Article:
Then there’s that word “thwip”, which should be in the dictionary, if it isn’t. The definition: the sound of Spiderman’s webs shooting out and attaching to something. It may not be a word that you use much in everyday life (though it could be), but it’s definitely a Marvel comics staple. Without that word, and some of the other comic action words like chuff!, crash!, pow!, splang!, some of the comics just wouldn’t be as much fun.

Stan Lee helped many of us young men and women realize that we could invent worlds of such rich fascination that we could lose ourselves inside. He led us to invent our own super-powered characters. He even led us to love science and the experiments that drive us to learn new things about the physical universe in which we live.

Though many of us were disappointed to learn that getting bit by a spider wouldn’t give us spider talents, we still loved the world of the web-slinger. And though we discovered we couldn’t have psychic super-powers by radioactive waste, we still enjoyed thinking about the possibilities. Every child who’s ever picked up a comic book, with Stan’s stamp of “Excelsior!” within the pages, has found a fantastic world where the ordinary could be extraordinary. The same joy is experienced by adults who allow themselves to suspend their disbelief for the moments it takes to turn the pages on a brightly colored action landscape.

Thanks Stan Lee! See you on the other side of the great divide.


Audiophiles in Family Units


It’s no secret that I love music.

Music makes the day go by a little easier. Music makes work less tedious. All work can be tedious if you’ve done it long enough. Music makes the routine tasks less routine.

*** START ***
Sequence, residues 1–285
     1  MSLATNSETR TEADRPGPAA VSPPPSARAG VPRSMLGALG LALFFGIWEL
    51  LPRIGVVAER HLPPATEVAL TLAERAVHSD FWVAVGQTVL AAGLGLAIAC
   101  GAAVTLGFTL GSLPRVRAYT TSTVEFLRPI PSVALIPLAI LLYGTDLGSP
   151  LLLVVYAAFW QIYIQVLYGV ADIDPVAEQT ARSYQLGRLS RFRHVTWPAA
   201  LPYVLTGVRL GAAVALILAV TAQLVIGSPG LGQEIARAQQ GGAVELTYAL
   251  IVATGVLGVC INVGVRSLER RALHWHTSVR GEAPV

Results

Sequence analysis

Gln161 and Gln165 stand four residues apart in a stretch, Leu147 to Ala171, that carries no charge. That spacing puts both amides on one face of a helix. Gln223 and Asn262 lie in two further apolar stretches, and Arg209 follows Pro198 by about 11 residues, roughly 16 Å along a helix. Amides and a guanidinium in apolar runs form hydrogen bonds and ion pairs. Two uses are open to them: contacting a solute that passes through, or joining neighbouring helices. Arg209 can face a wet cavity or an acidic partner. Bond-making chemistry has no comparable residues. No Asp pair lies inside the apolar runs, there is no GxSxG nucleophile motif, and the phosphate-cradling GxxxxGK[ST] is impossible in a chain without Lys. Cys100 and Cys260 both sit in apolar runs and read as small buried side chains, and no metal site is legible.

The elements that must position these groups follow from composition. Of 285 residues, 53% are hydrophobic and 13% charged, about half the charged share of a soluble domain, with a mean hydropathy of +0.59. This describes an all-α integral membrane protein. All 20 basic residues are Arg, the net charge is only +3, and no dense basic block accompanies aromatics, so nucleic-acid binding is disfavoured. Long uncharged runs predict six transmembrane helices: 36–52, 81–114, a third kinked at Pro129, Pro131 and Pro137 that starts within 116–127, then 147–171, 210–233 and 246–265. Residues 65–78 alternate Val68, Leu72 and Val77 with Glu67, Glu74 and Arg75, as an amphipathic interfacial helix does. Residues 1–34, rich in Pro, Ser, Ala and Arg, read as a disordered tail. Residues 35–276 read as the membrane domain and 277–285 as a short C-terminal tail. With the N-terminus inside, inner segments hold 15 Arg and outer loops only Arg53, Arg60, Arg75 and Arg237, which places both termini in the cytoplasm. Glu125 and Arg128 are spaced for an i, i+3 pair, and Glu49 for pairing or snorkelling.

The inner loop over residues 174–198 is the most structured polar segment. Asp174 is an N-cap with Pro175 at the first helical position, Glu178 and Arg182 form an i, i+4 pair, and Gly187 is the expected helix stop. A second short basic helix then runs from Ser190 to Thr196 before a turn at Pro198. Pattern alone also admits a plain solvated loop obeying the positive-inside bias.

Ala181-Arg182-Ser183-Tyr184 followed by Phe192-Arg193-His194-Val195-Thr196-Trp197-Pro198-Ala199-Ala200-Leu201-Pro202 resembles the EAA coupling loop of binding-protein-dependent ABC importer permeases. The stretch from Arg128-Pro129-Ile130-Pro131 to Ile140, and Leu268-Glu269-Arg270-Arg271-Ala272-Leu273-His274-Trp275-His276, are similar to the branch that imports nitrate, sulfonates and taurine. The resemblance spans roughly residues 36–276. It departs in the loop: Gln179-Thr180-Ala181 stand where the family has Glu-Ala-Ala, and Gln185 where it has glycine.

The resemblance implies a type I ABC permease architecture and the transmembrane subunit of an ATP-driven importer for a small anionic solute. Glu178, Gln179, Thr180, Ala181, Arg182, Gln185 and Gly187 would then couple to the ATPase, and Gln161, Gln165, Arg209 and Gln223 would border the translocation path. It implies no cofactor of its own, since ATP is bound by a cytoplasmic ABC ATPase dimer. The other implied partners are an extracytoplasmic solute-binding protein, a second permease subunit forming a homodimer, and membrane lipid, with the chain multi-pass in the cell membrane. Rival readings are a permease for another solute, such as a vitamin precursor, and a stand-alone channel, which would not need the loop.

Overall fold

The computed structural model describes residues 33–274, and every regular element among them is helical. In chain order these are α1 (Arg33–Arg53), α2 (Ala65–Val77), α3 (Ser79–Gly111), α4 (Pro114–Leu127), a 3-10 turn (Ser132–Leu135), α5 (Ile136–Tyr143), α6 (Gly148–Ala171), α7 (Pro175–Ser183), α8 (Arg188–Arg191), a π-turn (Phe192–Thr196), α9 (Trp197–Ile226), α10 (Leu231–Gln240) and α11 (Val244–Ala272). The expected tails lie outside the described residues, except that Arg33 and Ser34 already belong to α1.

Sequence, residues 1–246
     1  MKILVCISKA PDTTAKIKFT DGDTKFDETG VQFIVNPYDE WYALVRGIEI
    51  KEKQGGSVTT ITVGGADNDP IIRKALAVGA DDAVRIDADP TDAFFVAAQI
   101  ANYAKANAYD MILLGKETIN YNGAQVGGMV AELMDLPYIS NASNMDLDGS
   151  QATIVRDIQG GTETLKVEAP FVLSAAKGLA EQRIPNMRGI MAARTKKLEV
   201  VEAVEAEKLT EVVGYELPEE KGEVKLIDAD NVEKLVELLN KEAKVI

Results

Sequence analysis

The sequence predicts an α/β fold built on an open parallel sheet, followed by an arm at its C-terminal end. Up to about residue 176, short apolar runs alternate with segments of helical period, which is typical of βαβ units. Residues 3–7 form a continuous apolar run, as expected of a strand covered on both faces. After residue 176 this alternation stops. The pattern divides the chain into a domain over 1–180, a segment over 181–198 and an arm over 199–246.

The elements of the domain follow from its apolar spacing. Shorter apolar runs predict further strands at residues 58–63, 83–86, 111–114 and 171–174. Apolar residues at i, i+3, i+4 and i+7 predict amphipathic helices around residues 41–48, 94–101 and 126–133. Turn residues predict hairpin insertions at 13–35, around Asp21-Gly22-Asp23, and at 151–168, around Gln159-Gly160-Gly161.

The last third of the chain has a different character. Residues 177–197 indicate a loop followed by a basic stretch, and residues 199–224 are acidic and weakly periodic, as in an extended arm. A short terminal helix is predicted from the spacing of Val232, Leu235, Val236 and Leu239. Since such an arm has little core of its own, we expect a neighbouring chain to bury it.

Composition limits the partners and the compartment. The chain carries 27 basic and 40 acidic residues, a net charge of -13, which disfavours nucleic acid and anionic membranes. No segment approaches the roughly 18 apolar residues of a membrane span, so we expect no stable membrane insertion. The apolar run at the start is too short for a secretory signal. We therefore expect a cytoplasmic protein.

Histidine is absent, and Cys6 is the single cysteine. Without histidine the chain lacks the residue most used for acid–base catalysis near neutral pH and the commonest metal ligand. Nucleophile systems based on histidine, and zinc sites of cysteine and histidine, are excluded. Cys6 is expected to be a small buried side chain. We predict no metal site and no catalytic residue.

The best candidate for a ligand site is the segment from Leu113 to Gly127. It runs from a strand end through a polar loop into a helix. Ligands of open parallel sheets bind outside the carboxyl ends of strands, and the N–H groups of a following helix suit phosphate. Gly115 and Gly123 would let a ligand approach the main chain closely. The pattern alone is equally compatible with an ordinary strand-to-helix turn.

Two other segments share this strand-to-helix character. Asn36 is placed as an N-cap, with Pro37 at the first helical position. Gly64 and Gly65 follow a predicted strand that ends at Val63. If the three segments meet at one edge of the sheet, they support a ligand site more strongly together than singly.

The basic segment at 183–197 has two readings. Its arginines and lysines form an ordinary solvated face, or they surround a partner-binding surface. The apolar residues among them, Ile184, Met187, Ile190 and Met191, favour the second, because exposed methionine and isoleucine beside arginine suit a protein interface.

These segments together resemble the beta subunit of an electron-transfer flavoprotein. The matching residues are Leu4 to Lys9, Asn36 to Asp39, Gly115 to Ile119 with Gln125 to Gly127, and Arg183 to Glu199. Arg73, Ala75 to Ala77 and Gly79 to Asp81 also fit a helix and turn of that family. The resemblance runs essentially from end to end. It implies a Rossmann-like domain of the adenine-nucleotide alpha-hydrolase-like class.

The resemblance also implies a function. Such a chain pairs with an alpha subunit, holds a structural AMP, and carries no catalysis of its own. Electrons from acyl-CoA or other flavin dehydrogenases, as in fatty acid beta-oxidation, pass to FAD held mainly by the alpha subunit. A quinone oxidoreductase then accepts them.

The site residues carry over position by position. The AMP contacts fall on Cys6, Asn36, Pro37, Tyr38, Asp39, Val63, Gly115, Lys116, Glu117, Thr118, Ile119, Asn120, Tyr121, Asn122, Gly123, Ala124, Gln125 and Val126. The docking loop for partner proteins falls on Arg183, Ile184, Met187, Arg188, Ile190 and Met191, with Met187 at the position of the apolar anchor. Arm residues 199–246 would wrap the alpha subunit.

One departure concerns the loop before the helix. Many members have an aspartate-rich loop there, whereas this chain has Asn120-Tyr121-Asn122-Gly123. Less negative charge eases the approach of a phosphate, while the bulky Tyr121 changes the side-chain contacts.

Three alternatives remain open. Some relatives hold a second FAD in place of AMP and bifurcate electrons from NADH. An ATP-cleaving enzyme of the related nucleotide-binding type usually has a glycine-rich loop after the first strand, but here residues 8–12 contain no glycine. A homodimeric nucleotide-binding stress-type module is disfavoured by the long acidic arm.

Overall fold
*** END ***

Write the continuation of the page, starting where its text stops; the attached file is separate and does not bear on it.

Music will keep you sane.

Have you ever gone on a road trip…with your family?

Everyone who has ever been in a family unit will know how it is when two members of the unit are battling with each other, battling over willpower, battling over space in the back seat, battling over breathing room and elbow space. Maybe it’s brother and sister. They just look at each other and the hate rays start flying from their eyes. So taking brother and sister on a road trip could be like traveling in a small metal box with badgers inside. You know before you start it won’t be comfortable, and it could prove to be deadly; however, if you bring the right mix of music along, the trip could actually be enjoyable for everyone.

And then if sharing the music doesn’t work, there’s always the headphone option.

God bless the human being who invented headphones! With headphones we can all listen to different music at the same time. We won’t interrupt each other, and we won’t annoy each other. Little brother can listen to his Emo-Screamo, and little sister can listen to her Pop-Forty, mom can listen to her Mike Bubble, and dad can listen to his SoundSlave AudioGarden, and no one will get fed up with the other’s choice of music.

Headphones=happy family.

Headphones=non-deadly road tripping.

Oh yeah, and snacks—bring lots of snacks.




I’ve been off DST (sounds like a bad drug, doesn’t it?) for a week now.

It feels just fine. I don’t see any difference…except…my short fuse with other people who…well, I better take it down gradually. Since I love people, I don’t want to start insulting anyone. However, there was a time this past week when someone said something that made me either want to slap my forehead or their face. When you want to wake someone up quickly, you slap their face, right? It works in the movies.

Gradually, chronologically:

My wife was first. She puts up with my weird ideas, and there’s really no end to my gratitude for her. She did tell me I was crazy for not switching my clock with everyone else. She asked, “Why do you do this to yourself.” And all I could think of in reply was, “Because I can.” Underneath my simple response is the idea of being a free spirit. Freedom is worthless unless you exercise it.